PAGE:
The transport secretary is still committed to the £1.9bn Stonehenge Tunnel scheme and plans to 'redetermine' its planning application, the Department for Transport (DfT) has said, despite the Treasury appearing to cut its funding.
The latest Spending Round left National Highways facing a £3.4bn funding cut for this Road Investment Strategy period (2020-2025), while the Budget made no mention of the Stonehenge scheme.
Government officials suggested the funding cut was because of delays to major schemes like Stonehenge and the Lower Thames Crossing, with the cash being carried over to later spending periods.
A DfT spokesperson said: 'The A303 at Stonehenge has not been cancelled. The secretary of state will now redetermine the application, and as a live planning case, it would be inappropriate to comment further at this time.
'The Government is still spending £27bn on major roads schemes, just over a slightly longer period as a result of delays to some major schemes, including Stonehenge.'
Last year the Government announced £27.4bn for the National Highways over 2020-2025 but this was cut to £24bn in this week's Budget.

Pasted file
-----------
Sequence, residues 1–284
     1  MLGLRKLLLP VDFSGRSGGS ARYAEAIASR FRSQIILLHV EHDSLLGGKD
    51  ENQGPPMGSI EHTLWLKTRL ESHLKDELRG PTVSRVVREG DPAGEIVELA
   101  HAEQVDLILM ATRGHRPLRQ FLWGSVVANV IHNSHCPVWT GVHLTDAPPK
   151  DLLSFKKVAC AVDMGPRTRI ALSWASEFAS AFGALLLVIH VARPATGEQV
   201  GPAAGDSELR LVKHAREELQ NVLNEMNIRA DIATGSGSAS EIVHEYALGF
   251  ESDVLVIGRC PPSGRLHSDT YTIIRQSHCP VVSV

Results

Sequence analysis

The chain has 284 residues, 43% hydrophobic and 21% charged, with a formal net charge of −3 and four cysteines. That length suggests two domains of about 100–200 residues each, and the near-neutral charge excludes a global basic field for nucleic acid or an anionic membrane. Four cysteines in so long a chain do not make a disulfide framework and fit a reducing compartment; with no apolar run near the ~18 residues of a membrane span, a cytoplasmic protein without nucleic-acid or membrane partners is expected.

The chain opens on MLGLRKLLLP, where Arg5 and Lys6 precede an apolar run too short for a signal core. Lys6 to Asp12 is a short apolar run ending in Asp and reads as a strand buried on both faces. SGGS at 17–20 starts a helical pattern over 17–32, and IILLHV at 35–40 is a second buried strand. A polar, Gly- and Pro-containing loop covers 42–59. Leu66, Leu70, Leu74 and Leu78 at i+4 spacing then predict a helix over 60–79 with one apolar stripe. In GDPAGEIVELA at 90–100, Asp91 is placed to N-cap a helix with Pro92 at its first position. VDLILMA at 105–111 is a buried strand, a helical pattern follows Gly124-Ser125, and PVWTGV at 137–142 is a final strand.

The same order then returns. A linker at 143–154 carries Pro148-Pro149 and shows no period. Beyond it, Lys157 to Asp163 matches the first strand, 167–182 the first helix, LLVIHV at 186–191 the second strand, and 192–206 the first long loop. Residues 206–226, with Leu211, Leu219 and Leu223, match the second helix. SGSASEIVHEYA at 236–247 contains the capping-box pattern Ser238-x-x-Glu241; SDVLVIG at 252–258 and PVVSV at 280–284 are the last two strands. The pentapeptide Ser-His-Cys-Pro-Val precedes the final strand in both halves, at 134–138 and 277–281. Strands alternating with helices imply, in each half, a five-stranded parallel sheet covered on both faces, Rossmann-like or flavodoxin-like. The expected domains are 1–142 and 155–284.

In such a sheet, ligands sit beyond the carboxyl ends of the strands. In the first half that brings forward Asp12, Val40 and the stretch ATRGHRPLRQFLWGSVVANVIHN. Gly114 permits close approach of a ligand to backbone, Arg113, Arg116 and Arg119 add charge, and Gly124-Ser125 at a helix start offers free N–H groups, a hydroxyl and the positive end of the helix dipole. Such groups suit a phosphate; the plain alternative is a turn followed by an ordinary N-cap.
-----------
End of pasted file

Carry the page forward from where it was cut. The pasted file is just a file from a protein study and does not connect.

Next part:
The reduction takes into account the impact of the delay to a number of schemes in the RIS including Lower Thames Crossing and A303 Stonehenge, both of which have faced planning issues.
Together these schemes account for the majority of the funding moving from RIS2 to RIS3, Highways has been told.
The funding for these schemes is still in place, the DfT said; however, officials could not give a precise split of which monies were being moved forward and when.
Vanessa Howlison, chief financial officer at National Highways, said: 'We welcome the renewed commitment shown by the Government towards our ambitious five-year road investment strategy. Revisions to headline funding levels for the period largely reflect external issues including changes to the timeline for some projects.'